In his 1971 biography of Gilles de Rais, Jean Benedetti tells how the children who fell into Rais's hands were put to death:
[The boy] was pampered and dressed in better clothes than he had ever known. The evening began with a large meal and heavy drinking, particularly hippocras, which acted as a stimulant. The boy was then taken to an upper room to which only Gilles and his immediate circle were admitted. There he was confronted with the true nature of his situation. The shock thus produced on the boy was an initial source of pleasure for Gilles.
Gilles' bodyservant Étienne Corrillaut, known as Poitou, was an accomplice in many of the crimes and testified that his master stripped the child naked and hung him with ropes from a hook to prevent him from crying out, then masturbated upon the child's belly or thighs. If the victim was a boy he would touch his genitals (particularly testicles) and buttocks. Taking the victim down, Rais comforted the child and assured him he only wanted to play with him. Gilles then either killed the child himself or had the child killed by his cousin Gilles de Sillé, Poitou or another bodyservant called Henriet. The victims were killed by decapitation, cutting of their throats, dismemberment, or breaking of their necks with a stick. A short, thick, double-edged sword called a braquemard was kept at hand for the murders. Poitou further testified that Rais sometimes abused the victims (whether boys or girls) before wounding them and at other times after the victim had been slashed in the throat or decapitated. According to Poitou, Rais disdained the victim's sexual organs, and took "infinitely more pleasure in debauching himself in this manner ... than in using their natural orifice, in the normal manner."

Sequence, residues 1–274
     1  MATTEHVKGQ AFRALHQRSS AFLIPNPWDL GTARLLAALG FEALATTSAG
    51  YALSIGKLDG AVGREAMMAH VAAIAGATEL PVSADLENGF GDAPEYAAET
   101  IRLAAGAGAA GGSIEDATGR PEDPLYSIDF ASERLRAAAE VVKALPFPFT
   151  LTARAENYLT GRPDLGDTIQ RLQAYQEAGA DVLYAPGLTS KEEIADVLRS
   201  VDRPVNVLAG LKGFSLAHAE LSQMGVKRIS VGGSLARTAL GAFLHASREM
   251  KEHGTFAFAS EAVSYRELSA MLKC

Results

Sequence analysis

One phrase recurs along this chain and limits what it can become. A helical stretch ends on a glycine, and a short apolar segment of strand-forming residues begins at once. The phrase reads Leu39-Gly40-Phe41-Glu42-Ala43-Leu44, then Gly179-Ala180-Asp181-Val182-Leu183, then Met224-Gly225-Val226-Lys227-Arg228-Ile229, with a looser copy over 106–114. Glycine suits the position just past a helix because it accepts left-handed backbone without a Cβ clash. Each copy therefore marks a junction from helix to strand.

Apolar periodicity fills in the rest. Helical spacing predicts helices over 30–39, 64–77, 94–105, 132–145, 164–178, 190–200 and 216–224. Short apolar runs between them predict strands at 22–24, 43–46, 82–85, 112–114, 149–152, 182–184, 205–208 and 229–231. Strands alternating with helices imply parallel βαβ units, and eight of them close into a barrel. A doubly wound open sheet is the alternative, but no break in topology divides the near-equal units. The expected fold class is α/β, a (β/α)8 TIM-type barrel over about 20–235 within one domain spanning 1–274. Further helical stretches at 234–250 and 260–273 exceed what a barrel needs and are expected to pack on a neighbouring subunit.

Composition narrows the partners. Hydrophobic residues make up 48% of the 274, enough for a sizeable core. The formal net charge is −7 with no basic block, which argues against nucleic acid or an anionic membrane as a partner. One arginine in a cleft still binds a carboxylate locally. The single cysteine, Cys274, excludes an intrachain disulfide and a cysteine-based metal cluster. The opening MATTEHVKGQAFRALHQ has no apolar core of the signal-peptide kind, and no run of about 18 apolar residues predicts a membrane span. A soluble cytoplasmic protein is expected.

In his own confession, Gilles testified that “when the said children were dead, he kissed them and those who had the most handsome limbs and heads he held up to admire them, and had their bodies cruelly cut open and took delight at the sight of their inner organs; and very often when the children were dying he sat on their stomachs and took pleasure in seeing them die and laughed”.
Poitou testified that he and Henriet burned the bodies in the fireplace in Gilles' room. The clothes of the victim were placed into the fire piece by piece so they burned slowly and the smell was minimized. The ashes were then thrown into the cesspit, the moat, or other hiding places. The last recorded murder was of the son of Éonnet de Villeblanche and his wife Macée. Poitou paid 20 sous to have a page's doublet made for the victim, who was then assaulted, murdered and incinerated in August 1440.
Trial and execution
On 15 May 1440, Rais kidnapped a cleric during a dispute at the Church of Saint-Étienne-de-Mer-Morte. The act prompted an investigation by the Bishop of Nantes, during which evidence of Gilles' crimes was uncovered. On 29 July, the Bishop released his findings, and subsequently obtained the prosecutorial cooperation of Rais's former protector, John VI, Duke of Brittany. Rais and his bodyservants Poitou and Henriet were arrested on 15 September 1440, following a secular investigation which paralleled the findings of the investigation from the Bishop of Nantes. Rais's prosecution would likewise be conducted by both secular and ecclesiastical courts, on charges which included murder, sodomy and heresy.
The extensive witness testimony convinced the judges that there were adequate grounds for establishing the guilt of the accused. After Rais admitted to the charges on 21 October, the court canceled a plan to torture him into confessing. Peasants of the neighboring villages had earlier begun to make accusations that their children had entered Gilles' castle begging for food and had never been seen again. The transcript, which included testimony from the parents of many of these missing children as well as graphic descriptions of the murders provided by Gilles' accomplices, was said to be so lurid that the judges ordered the worst portions to be stricken from the record.
The precise number of Gilles' victims is not known, as most of the bodies were burned or buried. The number of murders is generally placed between 80 and 200; a few have conjectured numbers upwards of 600. The victims ranged in age from six to eighteen and included both sexes, but were predominantly boys.